But- and this is the only constructive feedback I have to offer- this great strength could also be a hindrance at times. Owen's geneaology, Victoire's condition, her dynamic with Teddy, BIMAS, the fairies, Micah: although these various threads seem to intertwine more and more as the story goes on, I sometimes find it difficult to keep up. I feel that the chapter with the boat incident divides the story into two sections, each with a very distinct tone and scale: the first is more character-driven and allows us to 'locate' Victoire properly while the second introduces the larger fairies/wandlore plot. To be fair, you wove a lot of the elements of the latter into the former, but I still felt unprepared for the shift when it happened. After settling in with the world of BIMAS, meeting superb characters like the Pauls and getting behind Owen's search, I was suddenly somewhere else and it was too new somehow. Consequently the boat chapter, the fiendfyre, the meeting with the fairies, the new information about Teddy's wand, had/have me a bit overwhelmed. I'd suggest that either the transition between the two halves (although the 'halves' are in my head) be made a bit smoother with a clear privileging of one story thread over others and/or more anticipation. Or that the break is even more clearly defined, with chapter 19 (or 20) beginning a new part or section. Does that make sense?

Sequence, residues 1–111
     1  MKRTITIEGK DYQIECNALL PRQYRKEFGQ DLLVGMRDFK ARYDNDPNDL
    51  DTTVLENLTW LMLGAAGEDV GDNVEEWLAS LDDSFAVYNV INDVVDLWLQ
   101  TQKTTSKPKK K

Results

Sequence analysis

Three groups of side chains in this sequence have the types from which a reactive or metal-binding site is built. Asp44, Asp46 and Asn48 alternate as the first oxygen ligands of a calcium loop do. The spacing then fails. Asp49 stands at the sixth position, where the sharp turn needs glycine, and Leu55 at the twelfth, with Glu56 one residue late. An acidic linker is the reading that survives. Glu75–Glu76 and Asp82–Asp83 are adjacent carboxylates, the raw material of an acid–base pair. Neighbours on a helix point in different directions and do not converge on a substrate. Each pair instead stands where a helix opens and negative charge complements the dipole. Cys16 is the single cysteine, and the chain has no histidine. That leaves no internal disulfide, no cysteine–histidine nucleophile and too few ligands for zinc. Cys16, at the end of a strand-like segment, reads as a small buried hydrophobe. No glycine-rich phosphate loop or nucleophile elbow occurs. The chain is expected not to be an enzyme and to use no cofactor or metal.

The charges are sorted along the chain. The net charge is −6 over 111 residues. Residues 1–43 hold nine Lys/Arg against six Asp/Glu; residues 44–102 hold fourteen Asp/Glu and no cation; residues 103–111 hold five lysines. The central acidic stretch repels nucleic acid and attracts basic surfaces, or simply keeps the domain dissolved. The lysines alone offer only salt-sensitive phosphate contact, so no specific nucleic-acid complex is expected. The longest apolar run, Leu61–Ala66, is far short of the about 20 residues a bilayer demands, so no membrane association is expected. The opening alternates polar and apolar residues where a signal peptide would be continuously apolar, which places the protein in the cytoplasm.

But I don't want to sound like I'm not enjoying the story because I really am. I'll re-read it once more to understand the later chapters better and it speaks volumes that I'll do this gladly. Your style, your ideas but most of all your wonderful, sympathetic characters make for rewarding reading, so thank you- and I look forward to the rest of it! And sorry for the obscenely long review!Author's Response: Patroni! Wow. This is one of the most amazing reviews I've ever gotten. I'm not even sure how to respond. Thanks for the time and for the lovely comments. I'm just still staring.
I'm unbelievably happy you mentioned the details that you did. They were all very deliberate and to have someone pick them up and make note - that's truly satisfying.